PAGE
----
The left of centre approach
Following a feature in the Independent Higher Education Webinar on Student Service and mental health offered during Covid-19, Akosua Bonsu, Director of Studies for Thinking into Character, writes about the connection of Thinking into Character to positive mental health outcomes.
#MentalHealth is not an add-on
Mental health concerns are likely to emerge or to be compounded in lockdown. Being stuck indoors, being unable to see family members, attempting to home educate children, working in frontline services or the financial strain of being furloughed, all add to an unprecedented cocktail of triggers for anxiety and depression.
In this context, educational institutions cannot afford to think of the mental health services that they offer to students as supplementary or optional. At this time, the mental health and the mental wellbeing of students must feature as an integral part of the service each college provides. At Regent College London, one way we have done this is by embedding Thinking into Character, an award winning personal and professional development programme (PPD), into the teaching and learning for all students.
Personal Development and the methodology of Cognitive Behavioural Therapy
We do not usually think of PPD in relation to mental health and wellbeing, so how can a PPD programme like Thinking into Character support mental health?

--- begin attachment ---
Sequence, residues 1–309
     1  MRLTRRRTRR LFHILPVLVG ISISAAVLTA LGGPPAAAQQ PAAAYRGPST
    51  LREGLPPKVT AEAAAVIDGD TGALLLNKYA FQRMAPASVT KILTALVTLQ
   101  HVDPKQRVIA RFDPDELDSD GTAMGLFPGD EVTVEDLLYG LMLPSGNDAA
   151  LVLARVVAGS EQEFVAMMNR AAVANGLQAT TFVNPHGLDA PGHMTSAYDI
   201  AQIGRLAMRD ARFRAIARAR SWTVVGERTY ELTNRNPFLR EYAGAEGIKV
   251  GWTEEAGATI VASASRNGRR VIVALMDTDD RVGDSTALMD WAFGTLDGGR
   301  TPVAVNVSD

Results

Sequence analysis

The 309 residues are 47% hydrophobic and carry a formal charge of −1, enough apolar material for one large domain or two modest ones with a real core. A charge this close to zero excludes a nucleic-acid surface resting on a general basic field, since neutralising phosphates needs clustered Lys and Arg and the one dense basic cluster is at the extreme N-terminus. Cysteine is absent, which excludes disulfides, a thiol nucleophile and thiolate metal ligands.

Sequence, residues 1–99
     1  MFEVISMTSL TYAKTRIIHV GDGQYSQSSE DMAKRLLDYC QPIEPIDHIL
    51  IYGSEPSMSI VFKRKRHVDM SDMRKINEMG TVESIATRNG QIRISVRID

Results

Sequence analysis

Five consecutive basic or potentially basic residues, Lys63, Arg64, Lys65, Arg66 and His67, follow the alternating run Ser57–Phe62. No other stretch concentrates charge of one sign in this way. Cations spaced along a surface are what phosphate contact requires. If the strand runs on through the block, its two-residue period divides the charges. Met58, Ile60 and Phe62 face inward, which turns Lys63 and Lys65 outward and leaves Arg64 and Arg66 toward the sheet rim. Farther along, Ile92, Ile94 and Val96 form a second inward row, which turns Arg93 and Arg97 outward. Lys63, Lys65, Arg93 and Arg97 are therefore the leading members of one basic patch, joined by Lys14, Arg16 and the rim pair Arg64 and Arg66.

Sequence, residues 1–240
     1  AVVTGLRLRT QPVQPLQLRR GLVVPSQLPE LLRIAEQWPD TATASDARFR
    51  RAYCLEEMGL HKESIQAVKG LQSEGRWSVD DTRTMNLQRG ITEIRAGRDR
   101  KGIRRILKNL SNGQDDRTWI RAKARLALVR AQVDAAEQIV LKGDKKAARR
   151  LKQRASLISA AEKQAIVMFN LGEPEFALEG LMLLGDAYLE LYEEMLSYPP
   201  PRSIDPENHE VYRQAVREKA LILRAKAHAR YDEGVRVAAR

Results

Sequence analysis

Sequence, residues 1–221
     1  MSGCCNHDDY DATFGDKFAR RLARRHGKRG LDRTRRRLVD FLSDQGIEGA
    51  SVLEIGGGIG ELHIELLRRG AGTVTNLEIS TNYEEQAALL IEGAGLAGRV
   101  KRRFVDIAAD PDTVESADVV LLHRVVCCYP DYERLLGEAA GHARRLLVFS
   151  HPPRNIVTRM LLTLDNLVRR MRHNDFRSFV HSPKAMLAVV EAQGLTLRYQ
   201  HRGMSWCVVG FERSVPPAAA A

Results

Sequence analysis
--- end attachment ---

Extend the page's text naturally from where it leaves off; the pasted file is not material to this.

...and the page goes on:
That connection between Thinking into Character and mental health comes via the methodology of Cognitive Behavioural Therapy (CBT). NHS England describes CBT as follows:
“Cognitive behavioural therapy (CBT) is a talking therapy that can help you manage your problems by changing the way you think and behave. It’s most commonly used to treat anxiety and depression, but can be useful for other mental and physical health problems”. (NHS, 2020)
CBT is essentially a talking therapy rooted in the view that we can change mental health outcomes by changing the way we think. Thinking into Character adopts the methodology of Cognitive Behavioural Therapy. The key principle underlying the programme is that we change our results by changing the way we think. To that end, many of the exercises involved Thinking into Character involves shifting thinking, in a manner analogous to CBT programmes.
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